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#3 of 6 Old 01-24-2012, 09:02 AM
 
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I too wish I could find a more straightforward risk/benefit analysis for existing vaccines, receiving vaccines at older ages, etc..  I have seen several delayed vaccine schedules, but none that I feel comfortable with.  My son will be 6 months soon and has not yet received any vaccines.  I intend to selectively vaccinate as he gets older, but keep going back and forth on that decision and pushing back the age I'm willing to start at...  I never thought I would delay or selectively vaccinate or not vaccinate at all...  I started out doing the research months ago with the intent of easing my worries about vaccination.  I was certain I would find the evidence that would make me perfectly comfortable with the idea of going ahead with the recommended vaccine schedule.  Instead, the research I did only made me MORE hesitant.  But I still worry about not vaxing, too.  Every week I look at local disease outbreak frequencies on the CDC website and usually I feel reassured that my son's chance of catching any particular disease is relatively low.  But I worry about when he is no longer breastfeeding and staying home with me all the time, when we travel, when we have more kids passing around germs, etc.  The decision to delay vaccination is one I am constantly evaluating and reevaluating and I wish there was more unbiased information out there.

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#4 of 6 Old 01-24-2012, 09:03 AM
 
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ugh, sorry for multiple posts, trying to delete

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#5 of 6 Old 01-24-2012, 11:50 AM
 
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I would say that the alt schedules Dr. Sears gives in his book are conservative.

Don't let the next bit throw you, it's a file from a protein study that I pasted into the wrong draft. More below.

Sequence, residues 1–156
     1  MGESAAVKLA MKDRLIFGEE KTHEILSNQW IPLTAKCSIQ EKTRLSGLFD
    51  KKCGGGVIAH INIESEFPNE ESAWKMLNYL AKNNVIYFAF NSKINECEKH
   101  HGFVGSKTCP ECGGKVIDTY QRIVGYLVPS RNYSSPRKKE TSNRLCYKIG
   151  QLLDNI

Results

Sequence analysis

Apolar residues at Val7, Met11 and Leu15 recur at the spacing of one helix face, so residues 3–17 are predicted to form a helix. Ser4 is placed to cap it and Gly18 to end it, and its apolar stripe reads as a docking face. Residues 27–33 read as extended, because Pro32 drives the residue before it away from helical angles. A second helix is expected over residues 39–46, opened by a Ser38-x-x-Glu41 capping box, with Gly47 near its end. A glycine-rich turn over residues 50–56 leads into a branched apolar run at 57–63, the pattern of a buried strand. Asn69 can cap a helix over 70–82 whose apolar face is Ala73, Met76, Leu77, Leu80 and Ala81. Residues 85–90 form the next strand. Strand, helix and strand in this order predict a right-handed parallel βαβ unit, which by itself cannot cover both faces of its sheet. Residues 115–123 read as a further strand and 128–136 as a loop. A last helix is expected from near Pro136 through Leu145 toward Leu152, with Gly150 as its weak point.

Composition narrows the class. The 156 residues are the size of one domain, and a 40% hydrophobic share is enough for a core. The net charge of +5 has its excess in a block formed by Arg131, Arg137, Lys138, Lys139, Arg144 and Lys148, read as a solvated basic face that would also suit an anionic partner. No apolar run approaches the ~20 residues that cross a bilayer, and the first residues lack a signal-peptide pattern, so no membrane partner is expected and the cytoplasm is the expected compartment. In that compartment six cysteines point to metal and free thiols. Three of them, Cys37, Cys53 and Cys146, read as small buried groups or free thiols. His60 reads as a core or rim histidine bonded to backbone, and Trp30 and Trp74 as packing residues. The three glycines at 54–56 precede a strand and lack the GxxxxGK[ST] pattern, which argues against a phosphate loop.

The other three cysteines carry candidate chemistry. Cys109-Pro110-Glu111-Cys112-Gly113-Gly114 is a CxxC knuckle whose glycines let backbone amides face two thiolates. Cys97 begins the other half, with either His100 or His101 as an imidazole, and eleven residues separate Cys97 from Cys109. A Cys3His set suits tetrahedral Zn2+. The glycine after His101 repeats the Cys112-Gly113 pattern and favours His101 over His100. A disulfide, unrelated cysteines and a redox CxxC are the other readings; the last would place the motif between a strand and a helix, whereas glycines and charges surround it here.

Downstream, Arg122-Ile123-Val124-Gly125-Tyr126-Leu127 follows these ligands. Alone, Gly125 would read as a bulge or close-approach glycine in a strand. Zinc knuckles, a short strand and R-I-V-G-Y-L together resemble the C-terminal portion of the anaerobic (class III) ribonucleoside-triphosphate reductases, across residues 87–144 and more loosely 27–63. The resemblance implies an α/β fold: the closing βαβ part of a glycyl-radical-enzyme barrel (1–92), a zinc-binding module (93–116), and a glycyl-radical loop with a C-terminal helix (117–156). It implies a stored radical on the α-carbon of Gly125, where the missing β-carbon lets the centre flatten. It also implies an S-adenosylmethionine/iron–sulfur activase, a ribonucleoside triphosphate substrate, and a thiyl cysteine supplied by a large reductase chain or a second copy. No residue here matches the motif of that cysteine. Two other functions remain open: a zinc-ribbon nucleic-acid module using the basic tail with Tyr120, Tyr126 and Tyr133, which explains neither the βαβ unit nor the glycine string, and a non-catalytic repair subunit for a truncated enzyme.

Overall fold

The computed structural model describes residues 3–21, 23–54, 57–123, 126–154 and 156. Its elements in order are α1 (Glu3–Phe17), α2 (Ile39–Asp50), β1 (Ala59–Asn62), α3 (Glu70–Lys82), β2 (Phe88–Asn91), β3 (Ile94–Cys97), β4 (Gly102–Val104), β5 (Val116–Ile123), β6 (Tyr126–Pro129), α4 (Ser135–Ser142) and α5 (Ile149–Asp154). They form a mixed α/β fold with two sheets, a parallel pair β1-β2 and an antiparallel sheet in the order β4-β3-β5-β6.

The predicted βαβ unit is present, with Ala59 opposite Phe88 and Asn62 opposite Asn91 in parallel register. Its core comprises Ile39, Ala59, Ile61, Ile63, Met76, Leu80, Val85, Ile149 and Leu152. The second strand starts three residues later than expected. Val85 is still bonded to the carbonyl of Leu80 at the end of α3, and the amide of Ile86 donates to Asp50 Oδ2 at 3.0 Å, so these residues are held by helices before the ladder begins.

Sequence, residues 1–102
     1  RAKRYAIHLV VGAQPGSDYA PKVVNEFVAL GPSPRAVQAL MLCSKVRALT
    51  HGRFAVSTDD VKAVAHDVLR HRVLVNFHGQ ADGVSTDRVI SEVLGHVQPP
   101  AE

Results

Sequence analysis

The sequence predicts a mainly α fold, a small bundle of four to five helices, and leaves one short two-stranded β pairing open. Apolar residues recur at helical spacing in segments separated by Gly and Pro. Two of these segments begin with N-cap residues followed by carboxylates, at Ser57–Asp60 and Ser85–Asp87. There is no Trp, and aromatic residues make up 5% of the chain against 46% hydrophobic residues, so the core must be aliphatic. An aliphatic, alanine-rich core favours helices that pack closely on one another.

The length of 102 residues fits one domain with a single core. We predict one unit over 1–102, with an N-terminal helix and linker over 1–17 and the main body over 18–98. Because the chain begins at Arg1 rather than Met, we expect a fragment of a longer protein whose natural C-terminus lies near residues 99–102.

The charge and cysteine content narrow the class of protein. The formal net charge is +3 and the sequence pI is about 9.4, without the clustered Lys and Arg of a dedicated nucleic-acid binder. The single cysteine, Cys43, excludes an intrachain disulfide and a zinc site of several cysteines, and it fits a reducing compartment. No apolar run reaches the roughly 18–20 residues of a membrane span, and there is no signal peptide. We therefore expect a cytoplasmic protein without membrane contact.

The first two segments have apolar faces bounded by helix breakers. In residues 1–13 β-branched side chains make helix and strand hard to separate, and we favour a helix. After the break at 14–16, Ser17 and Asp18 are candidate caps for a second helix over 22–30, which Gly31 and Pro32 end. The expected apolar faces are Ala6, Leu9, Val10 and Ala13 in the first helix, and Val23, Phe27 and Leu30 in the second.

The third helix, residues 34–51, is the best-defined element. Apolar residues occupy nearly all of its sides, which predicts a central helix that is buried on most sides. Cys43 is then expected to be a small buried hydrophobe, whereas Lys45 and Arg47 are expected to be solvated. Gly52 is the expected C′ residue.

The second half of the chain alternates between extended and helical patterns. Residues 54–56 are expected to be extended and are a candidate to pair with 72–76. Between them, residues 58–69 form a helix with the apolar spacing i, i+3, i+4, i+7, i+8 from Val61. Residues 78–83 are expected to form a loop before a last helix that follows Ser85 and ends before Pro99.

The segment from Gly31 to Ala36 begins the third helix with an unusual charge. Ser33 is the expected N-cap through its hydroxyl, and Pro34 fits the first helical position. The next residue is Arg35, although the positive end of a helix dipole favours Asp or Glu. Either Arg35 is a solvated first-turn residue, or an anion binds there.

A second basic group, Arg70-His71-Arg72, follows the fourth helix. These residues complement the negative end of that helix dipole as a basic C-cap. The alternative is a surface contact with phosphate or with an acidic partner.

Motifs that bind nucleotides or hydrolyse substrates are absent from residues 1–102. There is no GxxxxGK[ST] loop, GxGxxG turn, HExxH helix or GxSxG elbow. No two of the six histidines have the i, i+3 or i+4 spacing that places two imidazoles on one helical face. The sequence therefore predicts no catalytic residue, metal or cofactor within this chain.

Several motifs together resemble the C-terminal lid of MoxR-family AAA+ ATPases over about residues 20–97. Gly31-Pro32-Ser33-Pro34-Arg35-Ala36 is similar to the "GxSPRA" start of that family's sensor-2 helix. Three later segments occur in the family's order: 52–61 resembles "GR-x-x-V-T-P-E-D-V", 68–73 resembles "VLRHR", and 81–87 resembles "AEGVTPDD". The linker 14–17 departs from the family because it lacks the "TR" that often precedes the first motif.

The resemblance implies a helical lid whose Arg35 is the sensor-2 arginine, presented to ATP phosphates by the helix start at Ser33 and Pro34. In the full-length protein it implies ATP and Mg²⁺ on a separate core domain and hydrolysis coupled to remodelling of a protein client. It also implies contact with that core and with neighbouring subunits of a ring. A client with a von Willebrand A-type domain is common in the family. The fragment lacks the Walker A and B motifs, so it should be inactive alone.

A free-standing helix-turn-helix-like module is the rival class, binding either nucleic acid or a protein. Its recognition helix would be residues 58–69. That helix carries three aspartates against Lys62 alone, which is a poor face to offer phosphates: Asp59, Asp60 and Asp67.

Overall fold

Why not accepted? because to mainstream, any vaxing selectively, or even slightly delayed = ANTI-vax...

 

and then you are crazy, worried about autism, following jenny mccarthy, and/or a threat to society. I think this unfortunately further alienates parents who would maybe just like to space out vax, delay, or skip chickenpox... I think Dr. Sears was trying to bridge that gap, but I don´t think it has worked, it is so polarized...

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#6 of 6 Old 01-24-2012, 05:11 PM - Thread Starter
 
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Thanks, guys.  I just looked up Dr. Sears' approach to vaccinations.  When I had tried Google searches before, I could not find any particular recommendations for a reduced or limited schedule, but I now see that he suggests one.  I think what I was hoping is that a group of doctors who differ from the mainstream would have gotten together, and we could receive the best of their combined knowledge.  Of course, Dr. Sears may have a good plan (or two, from what I'm finding so far), though of course, the pediatric mainstream doesn't think so.  I admit I have a bit of personal skepticism about Dr. Sears because his childrearing philosophies are so different from mine, but this shouldn't affect my opinion of his medical knowledge.

 

Claudie, I feel for you!  I think I want to avoid feeling like I need to check the CDC website every week.  I just want to decide what is best, and go with it.  That's easier said than done.